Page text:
Food safety experts accuse media
Food safety experts accuse the media of creating food scares.
European food safety experts accuse the media of being solely culpable for producing a food scare or crisis. Consumers on the other hand appear less negative about media influences and motives. Both groups believe that the media plays a crucial role in communicating food safety issues. These are some of the outcomes of a first study carried out by five European research institutes as part of the project SAFE FOODS, an EU-sponsored research project on food safety.
The research results will be published in Appetite, an international research journal specializing in behavioural nutrition. These results are based on a series of discussions with consumers and food safety experts in five countries (Denmark, Germany, Greece, Slovenia and UK). In the study participated: Wageningen University (WU), The Netherlands; Agricultural University of Athens (AUA), Greece; Institute of Food Research (IFR), United Kingdom; The Royal Veterinary and Agricultural University (KVL), Denmark; Dialogik gGmbH, Germany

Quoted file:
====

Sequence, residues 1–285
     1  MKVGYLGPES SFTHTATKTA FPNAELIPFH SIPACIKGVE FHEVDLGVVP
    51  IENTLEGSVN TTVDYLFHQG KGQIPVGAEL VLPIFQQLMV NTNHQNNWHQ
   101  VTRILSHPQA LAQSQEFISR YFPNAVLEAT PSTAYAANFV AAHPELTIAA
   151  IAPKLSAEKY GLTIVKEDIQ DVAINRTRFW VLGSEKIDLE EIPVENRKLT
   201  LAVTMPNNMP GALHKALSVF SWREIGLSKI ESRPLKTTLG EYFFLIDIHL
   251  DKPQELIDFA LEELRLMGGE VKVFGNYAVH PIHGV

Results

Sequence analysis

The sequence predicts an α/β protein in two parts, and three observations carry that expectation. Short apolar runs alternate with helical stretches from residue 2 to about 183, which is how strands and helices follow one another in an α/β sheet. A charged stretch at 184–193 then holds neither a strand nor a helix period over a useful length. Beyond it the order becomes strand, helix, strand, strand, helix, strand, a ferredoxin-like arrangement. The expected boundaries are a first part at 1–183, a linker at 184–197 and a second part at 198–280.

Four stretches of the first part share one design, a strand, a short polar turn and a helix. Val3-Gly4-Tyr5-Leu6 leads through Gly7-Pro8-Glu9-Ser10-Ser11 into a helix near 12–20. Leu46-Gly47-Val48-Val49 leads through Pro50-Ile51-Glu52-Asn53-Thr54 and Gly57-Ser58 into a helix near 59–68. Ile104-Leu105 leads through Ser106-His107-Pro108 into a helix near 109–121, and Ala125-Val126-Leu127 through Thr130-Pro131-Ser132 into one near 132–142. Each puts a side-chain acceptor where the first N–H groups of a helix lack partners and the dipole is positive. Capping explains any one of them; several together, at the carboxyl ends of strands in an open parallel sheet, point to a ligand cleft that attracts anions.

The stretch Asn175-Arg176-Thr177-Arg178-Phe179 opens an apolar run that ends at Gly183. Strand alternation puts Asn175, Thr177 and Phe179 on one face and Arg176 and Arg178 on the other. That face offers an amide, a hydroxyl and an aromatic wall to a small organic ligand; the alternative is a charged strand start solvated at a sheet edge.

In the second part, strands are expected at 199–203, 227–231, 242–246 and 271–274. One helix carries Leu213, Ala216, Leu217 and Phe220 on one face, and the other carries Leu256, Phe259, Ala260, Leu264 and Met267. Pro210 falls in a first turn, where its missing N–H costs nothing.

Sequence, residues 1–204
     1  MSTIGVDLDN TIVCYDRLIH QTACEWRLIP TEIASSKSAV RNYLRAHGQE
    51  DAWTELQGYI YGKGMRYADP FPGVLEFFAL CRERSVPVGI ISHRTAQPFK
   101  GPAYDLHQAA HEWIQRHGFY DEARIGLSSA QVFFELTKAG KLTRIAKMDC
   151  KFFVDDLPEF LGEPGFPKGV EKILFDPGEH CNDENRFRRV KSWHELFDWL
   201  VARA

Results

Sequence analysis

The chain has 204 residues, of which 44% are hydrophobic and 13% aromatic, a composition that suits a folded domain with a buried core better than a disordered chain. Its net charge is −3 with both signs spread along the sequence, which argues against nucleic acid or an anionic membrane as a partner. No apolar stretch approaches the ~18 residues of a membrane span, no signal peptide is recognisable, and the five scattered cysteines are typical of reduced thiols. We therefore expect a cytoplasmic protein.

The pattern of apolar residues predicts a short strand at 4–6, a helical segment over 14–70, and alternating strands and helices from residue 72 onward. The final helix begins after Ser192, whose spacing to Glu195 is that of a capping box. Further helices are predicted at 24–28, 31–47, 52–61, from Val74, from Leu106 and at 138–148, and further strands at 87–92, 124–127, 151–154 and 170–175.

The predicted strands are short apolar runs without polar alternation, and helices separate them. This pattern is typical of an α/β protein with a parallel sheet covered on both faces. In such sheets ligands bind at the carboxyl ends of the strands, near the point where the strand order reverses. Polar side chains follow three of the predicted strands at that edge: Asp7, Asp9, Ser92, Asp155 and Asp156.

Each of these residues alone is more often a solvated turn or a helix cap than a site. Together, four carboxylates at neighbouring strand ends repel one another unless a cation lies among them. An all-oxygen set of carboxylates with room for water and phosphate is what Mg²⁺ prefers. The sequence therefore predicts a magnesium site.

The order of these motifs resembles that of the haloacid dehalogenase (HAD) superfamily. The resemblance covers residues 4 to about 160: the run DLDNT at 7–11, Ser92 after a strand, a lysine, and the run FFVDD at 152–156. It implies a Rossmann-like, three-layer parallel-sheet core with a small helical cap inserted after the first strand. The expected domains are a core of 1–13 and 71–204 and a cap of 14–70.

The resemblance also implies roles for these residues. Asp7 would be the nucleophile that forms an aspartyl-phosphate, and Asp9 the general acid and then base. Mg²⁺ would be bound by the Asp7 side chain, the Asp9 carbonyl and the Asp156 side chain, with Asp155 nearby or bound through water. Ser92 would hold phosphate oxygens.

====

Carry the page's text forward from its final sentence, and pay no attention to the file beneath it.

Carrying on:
The results further show that food safety experts believe that the media functions too much as “agenda setter”, focusing on food safety problems for a period of time and then letting these fade away, causing consumers to think they are no longer pertinent.
Another remarkable result is that the public is suspicious of how priorities are set in food risk management. Consumers are concerned that economic interests prevail over consumer health. An example is BSE, where both experts and consumers argued that the primary motivation of politicians was to protect export markets.
The general feeling within the expert community is that consumers lack essential knowledge about a variety of food-related issues. Hence, during the discussions, they often stressed the importance of consumer education. Consumers on the other hand already reported an information overload.
EU-project SAFE FOODS
SAFE FOODS is a 4-year EU project, involving natural and social scientists from 36 universities and research institutes from 19 European countries. Its goal is to change the scope of decision-making on food safety, taking into account the social context in which decisions are made. The results of a next study, in which 2500 consumers were asked about their ideas about food safety management, will soon be published.